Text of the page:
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Server Virtualization Means High Utilization and Lower Costs

Three executives from a New Jersey-based Fortune 1000 manufacturer arrived at the corporate hanger early one Monday. Steve, the CIO, wants the company’s Gulfstream V with luxury seating for 16 to take him to a vendor conference in Atlanta. His boss and the CEO, Randy, needs to be in Boca Raton by 10 a.m. and back home for a dinner with the board. Jack, who manages the factories, wants a ride to San Jose. The pilot wisely decides the jet is going to Boca and tells Steve and Jack they’re welcome to ride along but having access to a private jet has no benefit over commercial flights for them that day.

In rough math, 16 seats times 12 hours a day is an availability of 192 seat hours per day. One passenger to Boca is approximately five seat hours, meaning the jet—an asset with a current market value of $9 million—will have utilization that day of 2.6 percent. No multitasking, no virtualization and, by the numbers, terrible utilization.

Boosting Utilization

Now consider another corporate investment—IT infrastructure. Servers in enterprises come in all stripes and sizes.

In commodity-server data centers, server utilization is often in the 20 to 30 percent range. Server sprawl happens for many reasons, but chief among them are application isolation (each application has its own server), line of business (LOB) isolation (each LOB has its own servers) and the mentality that hardware is cheap. The factors supporting application and server isolation are often justified by security or cost allocation concerns but are at best political, with little or no real advantages accruing for technical, security or accounting reasons. However, commodity servers aren’t cheap when you factor in the real estate, power and cooling, and especially manpower.

IBM Power Systems* servers have emerged as best of breed in several TCO studies including Wintel and other UNIX* servers. Best practices dictate high equipment utilization and low manpower requirement, thus leveraging real estate, equipment and software investments.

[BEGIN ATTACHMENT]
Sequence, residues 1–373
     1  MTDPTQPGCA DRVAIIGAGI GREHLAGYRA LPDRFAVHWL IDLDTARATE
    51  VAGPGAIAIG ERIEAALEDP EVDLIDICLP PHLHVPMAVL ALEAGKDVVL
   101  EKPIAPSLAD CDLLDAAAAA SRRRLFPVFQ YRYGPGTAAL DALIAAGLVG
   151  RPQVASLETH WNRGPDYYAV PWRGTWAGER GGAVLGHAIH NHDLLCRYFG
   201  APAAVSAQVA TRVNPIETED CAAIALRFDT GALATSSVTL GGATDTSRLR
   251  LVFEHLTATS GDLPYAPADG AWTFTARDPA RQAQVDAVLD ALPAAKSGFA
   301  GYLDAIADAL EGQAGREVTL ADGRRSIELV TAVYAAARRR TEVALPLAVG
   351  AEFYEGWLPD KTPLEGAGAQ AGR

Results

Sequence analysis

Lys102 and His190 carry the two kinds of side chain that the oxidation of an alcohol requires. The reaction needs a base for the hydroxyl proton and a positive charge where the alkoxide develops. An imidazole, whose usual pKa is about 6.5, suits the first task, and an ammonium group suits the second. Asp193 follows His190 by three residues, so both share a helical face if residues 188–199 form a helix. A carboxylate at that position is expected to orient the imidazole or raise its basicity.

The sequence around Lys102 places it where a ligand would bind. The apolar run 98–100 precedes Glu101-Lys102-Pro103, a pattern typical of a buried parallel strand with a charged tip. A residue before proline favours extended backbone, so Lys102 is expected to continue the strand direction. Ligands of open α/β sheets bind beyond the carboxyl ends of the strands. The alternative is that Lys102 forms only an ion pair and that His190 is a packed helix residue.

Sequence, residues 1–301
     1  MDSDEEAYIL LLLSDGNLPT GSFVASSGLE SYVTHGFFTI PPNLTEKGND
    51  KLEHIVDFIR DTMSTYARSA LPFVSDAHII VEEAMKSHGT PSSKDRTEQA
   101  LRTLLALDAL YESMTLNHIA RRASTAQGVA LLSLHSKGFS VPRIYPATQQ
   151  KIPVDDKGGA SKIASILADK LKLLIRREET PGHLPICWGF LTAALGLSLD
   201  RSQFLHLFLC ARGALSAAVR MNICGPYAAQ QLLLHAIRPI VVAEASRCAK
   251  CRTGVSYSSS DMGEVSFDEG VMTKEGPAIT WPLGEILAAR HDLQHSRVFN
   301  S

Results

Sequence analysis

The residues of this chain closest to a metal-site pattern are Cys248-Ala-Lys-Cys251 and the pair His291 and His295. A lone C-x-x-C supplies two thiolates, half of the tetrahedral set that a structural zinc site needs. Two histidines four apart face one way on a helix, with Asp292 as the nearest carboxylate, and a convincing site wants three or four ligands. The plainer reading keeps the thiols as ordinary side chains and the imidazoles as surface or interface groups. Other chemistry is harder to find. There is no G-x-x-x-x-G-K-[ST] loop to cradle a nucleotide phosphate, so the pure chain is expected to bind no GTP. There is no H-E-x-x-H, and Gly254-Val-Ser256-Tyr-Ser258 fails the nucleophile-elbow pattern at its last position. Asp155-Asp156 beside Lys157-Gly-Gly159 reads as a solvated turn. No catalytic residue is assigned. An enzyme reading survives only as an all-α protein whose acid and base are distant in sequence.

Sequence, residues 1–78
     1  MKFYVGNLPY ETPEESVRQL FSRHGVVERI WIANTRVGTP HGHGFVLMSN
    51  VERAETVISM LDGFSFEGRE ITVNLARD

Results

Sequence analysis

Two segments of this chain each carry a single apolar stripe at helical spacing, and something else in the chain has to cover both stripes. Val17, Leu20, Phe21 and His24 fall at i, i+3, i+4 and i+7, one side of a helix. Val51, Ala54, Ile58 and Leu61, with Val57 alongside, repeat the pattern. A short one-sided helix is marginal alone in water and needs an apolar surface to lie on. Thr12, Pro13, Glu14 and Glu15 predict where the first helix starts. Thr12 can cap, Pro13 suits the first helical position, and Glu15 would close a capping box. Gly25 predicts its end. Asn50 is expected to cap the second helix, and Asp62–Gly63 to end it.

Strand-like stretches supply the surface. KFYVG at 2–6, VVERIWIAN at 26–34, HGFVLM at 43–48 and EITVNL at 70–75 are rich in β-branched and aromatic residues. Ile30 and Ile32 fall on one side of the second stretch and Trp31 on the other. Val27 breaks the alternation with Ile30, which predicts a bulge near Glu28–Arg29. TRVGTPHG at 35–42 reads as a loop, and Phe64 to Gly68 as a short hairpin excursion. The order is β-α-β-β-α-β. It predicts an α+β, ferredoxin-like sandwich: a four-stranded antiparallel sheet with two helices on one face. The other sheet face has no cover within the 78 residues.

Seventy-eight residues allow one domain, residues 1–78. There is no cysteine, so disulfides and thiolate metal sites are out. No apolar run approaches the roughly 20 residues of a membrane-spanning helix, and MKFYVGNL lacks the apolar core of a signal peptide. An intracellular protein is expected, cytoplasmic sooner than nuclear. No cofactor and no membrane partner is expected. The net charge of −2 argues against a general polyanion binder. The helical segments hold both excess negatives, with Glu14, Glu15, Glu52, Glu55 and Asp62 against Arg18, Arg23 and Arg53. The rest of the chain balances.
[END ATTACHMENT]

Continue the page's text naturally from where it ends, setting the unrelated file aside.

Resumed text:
With server utilization well below 100 percent in aggregate, the business and technology challenge is to extract the maximum resource utilization through virtualization. Think of virtualization as the fulcrum supporting the lever of large-scale, high-utilization servers as compared to the same workloads deployed on low-cost, commodity server technology. Those workloads are inherently inefficient, unreliable and underutilized due to the inability of the infrastructure to deploy all of the resources into productive work. Arguably, virtualization supports the efficient high utilization of workload isolation. Virtualization has proven superior in terms of security and uptime because, in effect, every workload down to the job level can be run on a VM (a concept, by the way, developed and initially deployed IBM in the late ’60s).

Deploying Virtualization

Server virtualization is not alchemy; nobody is claiming to make gold out of lead. But virtualization, by dynamically controlling resource deployment (CPU cycles, memory, storage) among and between many workloads, can find the peaks and valleys in a workload’s resource needs (times when a task could use more CPU cycles than it’s configured for). And it can lower those peaks by temporarily provisioning them from a workload that has the resource available to share without degradation.

The end result is not the capability to get 101 percent server utilization, but to approach that goal by having the “smarts” built into the software to automatically execute allocation and reallocation dynamically, so the environment theoretically approaches maximum utilization of 100 percent. As a side benefit, for the advocates of workload, application and LOB isolation, virtualization provides superior security, monitoring, reliability, availability and accountability by the very workload containerization required by virtualization. You can’t show HR the machine dedicated to their department, but you’ll know a great deal more about it—its health, capacity, agility to reach for peaks, etc.—than in a server-farm infrastructure.

Jim Young is the VP of Sales for Midrange Performance Group, providers of performance management and capacity planning software and services for IBM Power* platforms.



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